Champions Online, the superhero MMO from developer Cryptic Studios launched earlier this month. Here, in the fourth instalment of our exclusive developer diary series, lead designer Randy Mosiondz discuses the game's evolution from closed beta to launch.

Champions Online went through a lot of changes since its inception. While Cryptic had done some initial work on the now-defunct Marvel Universe Online up until Fall 2007, we had to throw away all it, leaving Cryptic with a flexible but incomplete game engine and no content. Enter Champions, a much-loved RPG setting with a history dating back from 1981. We purchased the Champions IP from HERO Games, licensed it back to them, and began work on Champions Online. In less than two years we shipped Champions Online; which was an amazing accomplishment considering the timeline and resources and was a real testament to the quality of the development team.

The original design for Champions Online tried to incorporate a lot of different elements: fast-paced, reactive combat which played more like action/arcade games, a "classless" open powers system, and varied game-play environment complete with "weaponizeable"/destructible objects. It was very ambitious - there was a lot to do in a short time frame, but in the end we still wanted to get community involvement in the game development process - after all, MMORPGs belongs to the community as much as it does to the developers. Since we first opened Champions Online to our beta testers it's undergone some dramatic revisions based on community feedback.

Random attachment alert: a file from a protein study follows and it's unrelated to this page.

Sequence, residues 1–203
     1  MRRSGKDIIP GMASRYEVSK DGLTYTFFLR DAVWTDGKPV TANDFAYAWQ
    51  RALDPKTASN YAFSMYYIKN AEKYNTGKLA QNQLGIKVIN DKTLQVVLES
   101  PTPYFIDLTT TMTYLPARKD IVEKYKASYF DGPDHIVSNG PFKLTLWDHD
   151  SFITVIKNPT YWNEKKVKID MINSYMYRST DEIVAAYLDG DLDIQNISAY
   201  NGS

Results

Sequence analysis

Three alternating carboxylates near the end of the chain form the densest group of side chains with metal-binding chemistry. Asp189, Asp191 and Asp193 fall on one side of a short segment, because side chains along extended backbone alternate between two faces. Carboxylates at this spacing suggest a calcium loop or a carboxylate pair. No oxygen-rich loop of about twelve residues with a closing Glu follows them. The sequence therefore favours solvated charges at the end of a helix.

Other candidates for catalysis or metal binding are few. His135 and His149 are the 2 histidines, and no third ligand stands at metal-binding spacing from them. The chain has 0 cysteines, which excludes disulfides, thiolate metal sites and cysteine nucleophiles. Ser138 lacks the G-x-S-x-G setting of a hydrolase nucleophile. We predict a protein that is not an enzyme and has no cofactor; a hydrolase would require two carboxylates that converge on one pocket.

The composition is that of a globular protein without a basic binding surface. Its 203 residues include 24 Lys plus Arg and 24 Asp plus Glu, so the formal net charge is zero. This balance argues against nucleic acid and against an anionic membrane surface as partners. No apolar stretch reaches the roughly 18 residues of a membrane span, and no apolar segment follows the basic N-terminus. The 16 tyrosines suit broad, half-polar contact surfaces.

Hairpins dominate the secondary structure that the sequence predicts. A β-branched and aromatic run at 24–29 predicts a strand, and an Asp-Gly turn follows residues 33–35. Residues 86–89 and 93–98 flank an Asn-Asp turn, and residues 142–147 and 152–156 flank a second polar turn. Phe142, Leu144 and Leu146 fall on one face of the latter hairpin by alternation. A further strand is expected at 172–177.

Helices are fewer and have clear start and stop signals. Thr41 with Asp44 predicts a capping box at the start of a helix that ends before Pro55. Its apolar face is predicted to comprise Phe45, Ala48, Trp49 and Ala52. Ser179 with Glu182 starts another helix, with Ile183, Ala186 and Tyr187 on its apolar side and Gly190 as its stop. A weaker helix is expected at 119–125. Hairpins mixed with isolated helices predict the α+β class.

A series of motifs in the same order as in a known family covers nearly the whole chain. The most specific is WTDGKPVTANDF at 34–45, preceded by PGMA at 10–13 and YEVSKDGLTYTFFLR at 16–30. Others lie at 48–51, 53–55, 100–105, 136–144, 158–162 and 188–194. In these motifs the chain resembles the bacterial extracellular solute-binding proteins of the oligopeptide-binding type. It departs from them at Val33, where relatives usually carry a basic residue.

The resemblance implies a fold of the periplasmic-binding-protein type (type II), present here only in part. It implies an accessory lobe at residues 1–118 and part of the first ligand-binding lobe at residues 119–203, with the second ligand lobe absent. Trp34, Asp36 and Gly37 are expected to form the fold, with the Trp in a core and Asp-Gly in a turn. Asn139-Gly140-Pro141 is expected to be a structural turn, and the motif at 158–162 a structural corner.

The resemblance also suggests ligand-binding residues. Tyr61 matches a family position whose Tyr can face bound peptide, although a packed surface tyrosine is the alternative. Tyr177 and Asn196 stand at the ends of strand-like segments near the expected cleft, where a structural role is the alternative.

First there was the powers and combat system. Building an action-MMORPG hybrid system had its own challenges, but there were a lot of expectations from fans we had to work with. Any mention of making any aspect of Champions Online powers class-based was met with overwhelming disapproval from our beta players, so we had to keep that in mind. At the same time have a potpourri of different powers in a big list was visually overwhelming, so we ended up organizing powers into themed "frameworks", each with slightly different game mechanics. We ended up going with a tiered unlock system for powers within a framework, but we think that balanced well with custom builds which chose optimum powers from multiple frameworks. To add to the flexibility of different builds we added a roles system so players could alter their build types in specific ways (balanced, offense, defensive, support). This gave our players with the customization they looking for while providing enough structure so players wouldn't get lost in the myriad power choices.

Another aspect of the powers and combat system which changed over time was the concept of energy builders. Originally the idea was to have a system where you begin the fight with light attacks and work your way up to your "power move" like in traditional action/arcade fighters. In the end, while conceptually it fit the "arcade-y" elements we were looking for it didn't really suit an MMORPG. While players liked the "energy builder" mechanic in general, they didn't like the fact they always had to start at an energy deficit - as they wanted more tactical game-play options that didn't involve, "step one - aggro my enemy with light attacks". So in late beta we tried a change to increase the starting energy levels to be quite high, allowing players to start combats with heavy attacks. That made a world of difference to our beta players, so we accepted the change and adjusted combat accordingly.